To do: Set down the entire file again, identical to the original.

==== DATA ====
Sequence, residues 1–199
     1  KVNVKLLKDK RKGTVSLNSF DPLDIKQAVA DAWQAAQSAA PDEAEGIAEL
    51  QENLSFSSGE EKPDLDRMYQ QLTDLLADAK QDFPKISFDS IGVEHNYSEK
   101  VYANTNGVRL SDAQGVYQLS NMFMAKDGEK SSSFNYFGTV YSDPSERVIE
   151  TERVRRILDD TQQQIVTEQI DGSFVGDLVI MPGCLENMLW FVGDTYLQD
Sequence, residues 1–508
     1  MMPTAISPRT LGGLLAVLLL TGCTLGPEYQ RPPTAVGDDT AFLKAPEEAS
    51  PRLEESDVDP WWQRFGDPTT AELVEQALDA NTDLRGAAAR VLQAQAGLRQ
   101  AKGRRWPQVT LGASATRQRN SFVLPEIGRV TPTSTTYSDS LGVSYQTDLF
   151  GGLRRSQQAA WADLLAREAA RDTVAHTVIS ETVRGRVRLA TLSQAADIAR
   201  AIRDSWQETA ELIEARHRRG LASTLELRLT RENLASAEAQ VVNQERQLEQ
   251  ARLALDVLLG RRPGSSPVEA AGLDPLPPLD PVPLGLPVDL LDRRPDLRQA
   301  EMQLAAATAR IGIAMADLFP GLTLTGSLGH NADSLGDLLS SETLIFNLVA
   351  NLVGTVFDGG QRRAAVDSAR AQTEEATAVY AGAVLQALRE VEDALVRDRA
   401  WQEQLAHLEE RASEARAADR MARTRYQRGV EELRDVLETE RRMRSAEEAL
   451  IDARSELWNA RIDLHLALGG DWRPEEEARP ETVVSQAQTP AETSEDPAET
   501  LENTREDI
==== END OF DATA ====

Sequence, residues 1–199
     1  KVNVKLLKDK RKGTVSLNSF DPLDIKQAVA DAWQAAQSAA PDEAEGIAEL
    51  QENLSFSSGE EKPDLDRMYQ QLTDLLADAK QDFPKISFDS IGVEHNYSEK
   101  VYANTNGVRL SDAQGVYQLS NMFMAKDGEK SSSFNYFGTV YSDPSERVIE
   151  TERVRRILDD TQQQIVTEQI DGSFVGDLVI MPGCLENMLW FVGDTYLQD
Sequence, residues 1–508
     1  MMPTAISPRT LGGLLAVLLL TGCTLGPEYQ RPPTAVGDDT AFLKAPEEAS
    51  PRLEESDVDP WWQRFGDPTT AELVEQALDA NTDLRGAAAR VLQAQAGLRQ
   101  AKGRRWPQVT LGASATRQRN SFVLPEIGRV TPTSTTYSDS LGVSYQTDLF
   151  GGLRRSQQAA WADLLAREAA RDTVAHTVIS ETVRGRVRLA TLSQAADIAR
   201  AIRDSWQETA ELIEARHRRG LASTLELRLT RENLASAEAQ VVNQERQLEQ
   251  ARLALDVLLG RRPGSSPVEA AGLDPLPPLD PVPLGLPVDL LDRRPDLRQA
   301  EMQLAAATAR IGIAMADLFP GLTLTGSLGH NADSLGDLLS SETLIFNLVA
   351  NLVGTVFDGG QRRAAVDSAR AQTEEATAVY AGAVLQALRE VEDALVRDRA
   401  WQEQLAHLEE RASEARAADR MARTRYQRGV EELRDVLETE RRMRSAEEAL
   451  IDARSELWNA RIDLHLALGG DWRPEEEARP ETVVSQAQTP AETSEDPAET
   501  LENTREDI